Dealerships will shotgun your information out to the auto finance companies.  Sometimes going to one dealership can cause 20 inquiries on your credit report which can cost you upwards of a 42 points loss on your creditreport.  The best thing you can do is go to a credit union or bank and try to get prequalified for a loan.  This will only be one inquiry and you will be able to take the pre-qualification into any dealership and get the same car without having to ruin your credit.  Always try to negotiate the price before you tell them you are handling the financing yourself.  They will try to charge you more if they know that you are financing yourself, because they make money off of the financing as well.
Paying Cash for Everything
The old fashioned saying is, “If you don’t have the cash for it, don’t buy it!”  That saying is great and I do agree with it…the only problem is that the credit bureaus don’t understand that.   If you do not finance anything, you will never be able to achieve a credit score.  Instead you will come up with no score at all.  In order to have a good credit score, you have to live some debt and manage it correctly.   Also the best thing is to keep a good mix of accounts.  3 installment accounts and 3 credit cards is the best mix to have.  Installment accounts are considered home, auto, and student loans.  There are a lot of people who have paid cash their whole life and because of inflation they now need to borrow money.  This is probably the most frustrating thing about credit because these are the most well qualified people without a credit score.


Thursday, January 3, 2019

Complaint hotline for short-term rentals live in Breckenridge, Silverthorne


A new hotline is up and running in which people can phone in complaints against short-term rentals operating in Silverthorne and Breckenridge. Meanwhile, Dillon, Frisco and unincorporated Summit County are expected to join the fold soon.
Residents of Breckenridge and Silverthorne hoping to voice complaints about short-term rentals will want to write down this phone number: 970-368-2044.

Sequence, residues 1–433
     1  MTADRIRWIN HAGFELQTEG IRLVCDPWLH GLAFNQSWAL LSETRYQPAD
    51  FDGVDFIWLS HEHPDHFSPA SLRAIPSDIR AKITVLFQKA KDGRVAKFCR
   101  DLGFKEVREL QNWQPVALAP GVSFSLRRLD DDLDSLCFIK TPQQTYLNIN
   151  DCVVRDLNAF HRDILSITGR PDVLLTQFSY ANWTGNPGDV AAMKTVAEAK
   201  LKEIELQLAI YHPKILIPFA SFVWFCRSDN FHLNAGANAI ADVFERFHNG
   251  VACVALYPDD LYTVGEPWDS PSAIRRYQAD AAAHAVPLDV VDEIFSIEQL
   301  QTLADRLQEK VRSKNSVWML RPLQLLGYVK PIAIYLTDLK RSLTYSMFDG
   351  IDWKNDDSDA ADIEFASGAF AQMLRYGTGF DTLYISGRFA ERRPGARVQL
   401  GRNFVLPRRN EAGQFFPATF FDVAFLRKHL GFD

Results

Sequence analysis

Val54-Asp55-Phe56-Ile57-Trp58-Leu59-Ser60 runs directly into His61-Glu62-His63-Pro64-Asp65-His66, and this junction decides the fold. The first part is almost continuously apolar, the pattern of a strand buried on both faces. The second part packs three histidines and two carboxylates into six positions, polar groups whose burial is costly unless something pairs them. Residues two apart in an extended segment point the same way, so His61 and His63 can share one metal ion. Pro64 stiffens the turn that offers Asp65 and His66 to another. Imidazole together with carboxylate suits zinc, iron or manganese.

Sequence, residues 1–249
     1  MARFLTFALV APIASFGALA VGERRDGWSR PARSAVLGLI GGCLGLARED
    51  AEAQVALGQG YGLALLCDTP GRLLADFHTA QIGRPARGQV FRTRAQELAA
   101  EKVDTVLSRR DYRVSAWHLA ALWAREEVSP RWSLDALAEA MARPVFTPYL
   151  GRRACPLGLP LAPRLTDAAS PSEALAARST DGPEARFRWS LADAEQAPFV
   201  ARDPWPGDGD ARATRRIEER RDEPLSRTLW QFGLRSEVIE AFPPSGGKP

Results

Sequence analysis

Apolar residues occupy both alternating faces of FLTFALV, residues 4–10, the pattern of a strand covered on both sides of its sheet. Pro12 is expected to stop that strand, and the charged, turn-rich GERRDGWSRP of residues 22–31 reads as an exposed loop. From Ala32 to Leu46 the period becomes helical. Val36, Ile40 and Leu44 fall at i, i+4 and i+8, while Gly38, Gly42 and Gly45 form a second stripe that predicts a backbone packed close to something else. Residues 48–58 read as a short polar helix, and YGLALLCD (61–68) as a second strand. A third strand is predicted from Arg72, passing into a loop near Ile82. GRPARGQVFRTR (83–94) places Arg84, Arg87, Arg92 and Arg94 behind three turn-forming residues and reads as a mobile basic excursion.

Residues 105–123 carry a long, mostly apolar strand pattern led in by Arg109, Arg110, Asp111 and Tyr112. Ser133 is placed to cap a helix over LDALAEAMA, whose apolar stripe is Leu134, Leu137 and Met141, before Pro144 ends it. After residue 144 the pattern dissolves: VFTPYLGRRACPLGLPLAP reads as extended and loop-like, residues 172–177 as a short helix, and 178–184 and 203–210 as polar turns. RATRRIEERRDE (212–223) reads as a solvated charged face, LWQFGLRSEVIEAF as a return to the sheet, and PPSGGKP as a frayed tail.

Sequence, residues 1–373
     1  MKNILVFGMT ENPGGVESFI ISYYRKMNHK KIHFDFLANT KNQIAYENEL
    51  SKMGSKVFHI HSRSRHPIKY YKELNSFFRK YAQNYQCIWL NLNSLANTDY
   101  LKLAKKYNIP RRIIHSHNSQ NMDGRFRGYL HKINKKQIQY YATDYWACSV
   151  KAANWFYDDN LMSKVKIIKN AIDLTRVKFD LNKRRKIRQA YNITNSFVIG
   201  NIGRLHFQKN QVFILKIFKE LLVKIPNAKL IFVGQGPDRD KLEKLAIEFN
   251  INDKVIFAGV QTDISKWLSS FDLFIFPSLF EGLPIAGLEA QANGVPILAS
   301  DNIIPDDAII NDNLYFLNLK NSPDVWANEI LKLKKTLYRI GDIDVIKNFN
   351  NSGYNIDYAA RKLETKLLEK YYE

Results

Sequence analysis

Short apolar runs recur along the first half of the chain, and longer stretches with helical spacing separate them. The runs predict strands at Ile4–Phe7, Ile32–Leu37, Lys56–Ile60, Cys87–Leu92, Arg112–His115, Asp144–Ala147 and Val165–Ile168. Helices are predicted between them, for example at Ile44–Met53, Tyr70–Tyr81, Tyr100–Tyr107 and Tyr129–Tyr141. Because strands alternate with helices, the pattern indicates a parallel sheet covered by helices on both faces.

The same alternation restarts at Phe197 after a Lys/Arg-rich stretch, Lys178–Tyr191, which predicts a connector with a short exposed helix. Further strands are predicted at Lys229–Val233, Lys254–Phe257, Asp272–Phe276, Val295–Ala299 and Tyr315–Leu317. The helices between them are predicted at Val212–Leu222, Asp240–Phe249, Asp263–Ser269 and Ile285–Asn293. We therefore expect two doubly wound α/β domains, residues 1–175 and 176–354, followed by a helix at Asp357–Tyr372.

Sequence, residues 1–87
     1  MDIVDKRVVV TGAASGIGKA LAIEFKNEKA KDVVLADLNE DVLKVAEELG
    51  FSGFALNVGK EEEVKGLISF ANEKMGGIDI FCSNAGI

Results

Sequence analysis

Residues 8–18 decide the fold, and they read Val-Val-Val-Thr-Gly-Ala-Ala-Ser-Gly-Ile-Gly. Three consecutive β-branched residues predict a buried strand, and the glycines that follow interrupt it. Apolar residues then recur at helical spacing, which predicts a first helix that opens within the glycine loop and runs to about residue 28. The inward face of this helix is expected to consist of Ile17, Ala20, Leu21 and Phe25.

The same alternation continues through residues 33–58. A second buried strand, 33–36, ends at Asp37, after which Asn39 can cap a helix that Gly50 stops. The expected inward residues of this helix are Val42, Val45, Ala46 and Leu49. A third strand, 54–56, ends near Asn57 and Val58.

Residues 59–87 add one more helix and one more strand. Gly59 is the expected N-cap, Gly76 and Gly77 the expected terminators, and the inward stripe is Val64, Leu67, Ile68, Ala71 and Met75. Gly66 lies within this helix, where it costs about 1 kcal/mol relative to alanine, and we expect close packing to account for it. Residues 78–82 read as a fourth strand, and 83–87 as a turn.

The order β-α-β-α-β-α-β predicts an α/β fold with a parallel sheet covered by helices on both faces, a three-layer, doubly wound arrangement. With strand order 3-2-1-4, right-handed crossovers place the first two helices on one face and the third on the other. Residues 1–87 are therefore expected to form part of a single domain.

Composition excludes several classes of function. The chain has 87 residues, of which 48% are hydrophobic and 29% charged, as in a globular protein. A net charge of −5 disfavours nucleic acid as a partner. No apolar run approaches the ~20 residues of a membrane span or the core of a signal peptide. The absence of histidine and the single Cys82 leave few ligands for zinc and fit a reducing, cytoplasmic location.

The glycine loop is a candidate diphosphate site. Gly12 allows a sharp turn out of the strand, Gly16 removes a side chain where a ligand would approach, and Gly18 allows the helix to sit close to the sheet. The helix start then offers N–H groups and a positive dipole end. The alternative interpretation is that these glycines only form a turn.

After enacting new rules regarding short-term rentals last year, the towns are requiring the owners of short-term rentals to obtain a specific business license and list a responsible agent who can respond to complaints within 60 minutes in most cases.
To take these complaints, Summit County's towns have partnered with the Texas-based company STR Helper to create a new hotline that allows residents to report issues with short-term rentals, including things like illegal parking, piled up trash or excessive noise.
The calls are being forwarded to the company's answering center in Logan, Utah. A company representative said STR Helper has almost 90 clients, and they just sent the town of Dillon a contract on Wednesday.
While Breckenridge was the first jurisdiction in Summit County to create new rules on short-term rentals last year, others already have or will soon follow suit. The rules are an attempt to rein in the booming business involving renting out a home or room inside a home for any term less than 30 days, listings someone might find on the popular accommodation websites VRBO.com or Airbnb.com.
Silverthorne's ordinance technically went into effect on Oct. 24, when the town's elected leaders approved its new rules for short-term rentals on second reading, but town staff gave owners a grace period until Jan. 1 to come into compliance.